The Honey Farm has produced a lot of buzz since it came out. In advance praise for the book, Kirkus calls it “lush” and “poetic”, Quill & Quire claims that it “evokes gothic tropes and a rippling aura of foreboding”, while Iain Reid calls it “mysterious, suspenseful, and unnerving”. In his review at The Miramichi Reader, James agrees with Carol Bruneau‘s assessment of it as a “mesmerizing, suspenseful novel” and a “thrilling, chills-inducing debut.” The rights have already been sold for film adaptation.
You’ll be happy to hear that it holds up well to all this praise. It’s a thriller, yes, but it’s a quiet thriller. Don’t expect all kinds of twists and turns and shockers. Instead the uneasiness of the story sneaks in and settles on you as you read – getting heavier as the story moves forward. You feel like something’s not as it should be, but you’re not sure what, and you’re not even sure if you’re right.
The last quarter of the book feels like a nightmare in which you know something’s coming but you can’t move your body. All you can do is watch it come. It’s so frustrating that the characters aren’t behaving the way you want them to.
Listen. It starts with the bees. All day long the low, throttling hum of movement, the moment of liftoff – the bass note that never goes away. Then, swelling from the sidelines as day falls, comes the digital tick of tobacco-brown crickets – percussion – chkchking like an automated sprinkler, chrpchrping like needy birds. In come the fiddling grasshoppers – strings – from the balcony of trees, birch, poplar, and pine, followed by the lazy, peripatetic buzz of a fly. The high whine of mosquitoes – the fugue – soars above the rest.
The characters and the plot…
There is a drought going on that is affecting the bees on Cynthia’s honey farm in rural Ontario. She decides to advertise for artists to come stay at the farm – free room and board in exchange for labour. Any free time can be spent on art in an environment free of distractions and full of natural inspiration.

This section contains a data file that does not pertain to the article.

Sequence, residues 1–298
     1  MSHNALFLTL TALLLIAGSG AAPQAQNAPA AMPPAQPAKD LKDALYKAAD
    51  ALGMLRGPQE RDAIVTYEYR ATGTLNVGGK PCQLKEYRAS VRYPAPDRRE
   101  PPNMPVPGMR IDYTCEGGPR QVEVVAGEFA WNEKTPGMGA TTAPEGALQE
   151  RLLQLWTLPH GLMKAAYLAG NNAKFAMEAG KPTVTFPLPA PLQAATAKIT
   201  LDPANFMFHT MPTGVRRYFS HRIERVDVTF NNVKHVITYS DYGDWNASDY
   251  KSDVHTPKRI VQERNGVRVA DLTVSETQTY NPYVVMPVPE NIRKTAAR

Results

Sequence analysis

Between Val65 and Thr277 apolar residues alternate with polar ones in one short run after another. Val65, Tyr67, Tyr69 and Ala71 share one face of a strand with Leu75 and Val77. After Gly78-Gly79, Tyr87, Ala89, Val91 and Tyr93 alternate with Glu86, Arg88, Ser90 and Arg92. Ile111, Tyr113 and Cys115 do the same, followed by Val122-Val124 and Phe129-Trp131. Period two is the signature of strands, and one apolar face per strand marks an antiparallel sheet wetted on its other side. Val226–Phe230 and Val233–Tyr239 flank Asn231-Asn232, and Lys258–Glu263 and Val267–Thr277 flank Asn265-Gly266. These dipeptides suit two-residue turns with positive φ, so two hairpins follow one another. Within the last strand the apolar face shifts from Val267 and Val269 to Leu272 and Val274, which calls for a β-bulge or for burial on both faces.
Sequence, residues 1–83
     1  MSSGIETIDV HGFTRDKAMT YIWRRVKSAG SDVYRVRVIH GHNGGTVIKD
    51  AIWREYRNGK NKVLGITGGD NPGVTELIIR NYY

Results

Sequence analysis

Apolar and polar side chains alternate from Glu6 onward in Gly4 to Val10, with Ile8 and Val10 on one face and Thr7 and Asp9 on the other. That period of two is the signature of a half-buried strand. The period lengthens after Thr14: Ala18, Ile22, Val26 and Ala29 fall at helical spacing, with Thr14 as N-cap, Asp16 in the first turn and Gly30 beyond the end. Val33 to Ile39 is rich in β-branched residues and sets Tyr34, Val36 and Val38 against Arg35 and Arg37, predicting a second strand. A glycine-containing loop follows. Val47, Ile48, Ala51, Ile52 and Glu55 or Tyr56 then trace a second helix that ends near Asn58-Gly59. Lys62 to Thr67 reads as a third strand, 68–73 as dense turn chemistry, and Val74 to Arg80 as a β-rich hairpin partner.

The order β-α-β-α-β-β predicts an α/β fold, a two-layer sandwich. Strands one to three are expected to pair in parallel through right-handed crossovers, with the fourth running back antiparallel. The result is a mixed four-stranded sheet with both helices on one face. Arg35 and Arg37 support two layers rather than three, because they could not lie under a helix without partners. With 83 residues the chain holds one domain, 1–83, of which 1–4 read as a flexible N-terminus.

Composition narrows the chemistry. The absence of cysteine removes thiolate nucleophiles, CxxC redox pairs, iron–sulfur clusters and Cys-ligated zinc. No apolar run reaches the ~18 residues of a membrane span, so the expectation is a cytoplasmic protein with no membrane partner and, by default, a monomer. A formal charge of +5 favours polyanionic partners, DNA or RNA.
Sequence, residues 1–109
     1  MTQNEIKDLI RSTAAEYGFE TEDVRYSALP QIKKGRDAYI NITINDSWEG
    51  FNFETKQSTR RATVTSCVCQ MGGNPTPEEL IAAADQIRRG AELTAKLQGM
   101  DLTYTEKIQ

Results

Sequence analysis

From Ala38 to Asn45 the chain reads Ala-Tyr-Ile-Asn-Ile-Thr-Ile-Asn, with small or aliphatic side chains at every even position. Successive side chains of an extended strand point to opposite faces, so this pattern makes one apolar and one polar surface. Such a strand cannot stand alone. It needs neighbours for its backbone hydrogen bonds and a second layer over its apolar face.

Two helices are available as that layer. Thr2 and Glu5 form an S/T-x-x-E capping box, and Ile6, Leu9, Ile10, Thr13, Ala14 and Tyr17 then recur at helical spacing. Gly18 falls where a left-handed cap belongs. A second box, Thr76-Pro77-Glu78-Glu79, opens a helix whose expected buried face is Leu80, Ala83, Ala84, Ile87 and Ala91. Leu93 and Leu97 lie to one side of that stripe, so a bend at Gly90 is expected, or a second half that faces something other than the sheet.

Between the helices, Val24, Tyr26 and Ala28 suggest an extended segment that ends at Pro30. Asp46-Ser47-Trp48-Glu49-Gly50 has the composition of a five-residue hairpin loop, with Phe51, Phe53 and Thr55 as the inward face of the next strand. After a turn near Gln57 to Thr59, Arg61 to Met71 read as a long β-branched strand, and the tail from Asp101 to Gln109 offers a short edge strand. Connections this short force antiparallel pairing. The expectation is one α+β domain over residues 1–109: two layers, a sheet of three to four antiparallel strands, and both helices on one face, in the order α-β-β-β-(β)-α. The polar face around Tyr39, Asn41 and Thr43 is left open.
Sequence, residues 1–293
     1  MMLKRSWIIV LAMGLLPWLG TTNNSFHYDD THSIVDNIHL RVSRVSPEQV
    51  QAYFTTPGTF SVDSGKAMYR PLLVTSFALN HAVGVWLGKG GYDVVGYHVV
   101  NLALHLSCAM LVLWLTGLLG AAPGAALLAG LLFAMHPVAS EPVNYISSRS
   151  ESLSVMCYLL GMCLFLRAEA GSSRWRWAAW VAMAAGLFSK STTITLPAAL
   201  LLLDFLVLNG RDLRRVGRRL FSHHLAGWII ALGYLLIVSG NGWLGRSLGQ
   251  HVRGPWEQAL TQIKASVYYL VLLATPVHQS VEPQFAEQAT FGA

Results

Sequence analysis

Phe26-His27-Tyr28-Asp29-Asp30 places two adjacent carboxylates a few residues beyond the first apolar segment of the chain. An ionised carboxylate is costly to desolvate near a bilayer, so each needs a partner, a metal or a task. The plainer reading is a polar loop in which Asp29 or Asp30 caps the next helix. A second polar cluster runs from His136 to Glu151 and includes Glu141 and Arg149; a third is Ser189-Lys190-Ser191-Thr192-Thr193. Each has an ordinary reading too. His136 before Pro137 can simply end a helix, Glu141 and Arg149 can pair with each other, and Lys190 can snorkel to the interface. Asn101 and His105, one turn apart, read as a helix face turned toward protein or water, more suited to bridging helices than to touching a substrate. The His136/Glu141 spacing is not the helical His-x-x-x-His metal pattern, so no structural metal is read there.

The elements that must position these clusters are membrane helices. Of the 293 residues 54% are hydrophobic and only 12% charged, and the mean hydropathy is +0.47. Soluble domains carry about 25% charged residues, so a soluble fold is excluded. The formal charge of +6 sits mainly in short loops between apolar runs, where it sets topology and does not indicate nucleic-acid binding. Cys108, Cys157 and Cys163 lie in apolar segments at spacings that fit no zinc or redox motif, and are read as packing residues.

Ten artists show up in total, but the main focus is on two of them; Silvia and Ibrahim. When the ten recruits get to the farm, they realize there is no internet. The only way to contact the outside world is by the payphone at the end of the lane. Two of the recruits leave the very next morning, while the others start trickling away over time until the only two left are Silvia and Ibrahim.
Silvia is the only child of a religious family from Halifax. Her parents are very protective of her, and Silvia has never been away on her own before. She’s immediately drawn to Cynthia’s advertisement about the farm as a way to gain some freedom from her parents. Silvia is tentative and quiet at first, but settles in pretty well until she starts to suspect that something strange is going on.
Freedom is being without an anchor, and she feels like she’s floating. Doubt has a way of ripping a hole through which, eventually, the whole sky can fall.
There’s something funny flipping around in her stomach. Lighter than sadness, simpler than nervousness. Unease.
Ibrahim is a painter from Toronto. He is close to his family but lives on his own now, painting at night and sleeping by day. At the farm, he quickly becomes Cynthia’s “pet”, and is often absolved of his duties in order to paint and sleep. He and Silvia are attracted to each other right away, but he doesn’t share Silvia’s wariness of Cynthia and the farm. In fact, he feels quite comfortable at the farm and convinces Silvia that they should stay longer than planned. Ibrahim is likeable, but also has a tendency to become self-absorbed. There were many times I wanted to shake him!
Cynthia is a mystery. To the reader as well as to the residents of the “artist retreat”. When she walks into the room everyone becomes tense, yet she seems to like having them there. Some of her behaviours seem odd (like her rule about having to drink a glass of fresh farm milk before they can have water). As the book starts nearing the end, we learn more about Cynthia’s past… just enough to put us on edge.
When I was in grade ten, I had an English teacher who told us that we should all read the bible, that we’d get so much more out of literature if we did. This book is a perfect example of what she was talking about. You won’t be surprised to hear that strange things start happening on the farm – the water coming out of the tap looks like blood, hundreds of frogs invade the farmhouse, many of the residents discover they have lice, etc.. Because Silvia was raised in a religious environment, she recognizes these occurrences as being similar to the biblical plagues, and becomes filled with guilt and anxiety over them. She thinks her actions have set them in motion, and worries about what might be coming next. However, there are also many times in the book that you might wonder how reliable Silvia’s character is. Is Cynthia really as sinister as she seems through Silvia’s eyes, or is Silvia delusional?
There are other things about this book I could talk about. I’d love to get into the stuff about bees and beekeeping. There’s symbolism in the bee colonies – you can’t miss it.
I found this book gripping and the writing beautiful. I will definitely be watching for Harriet Alida Lye’s next book!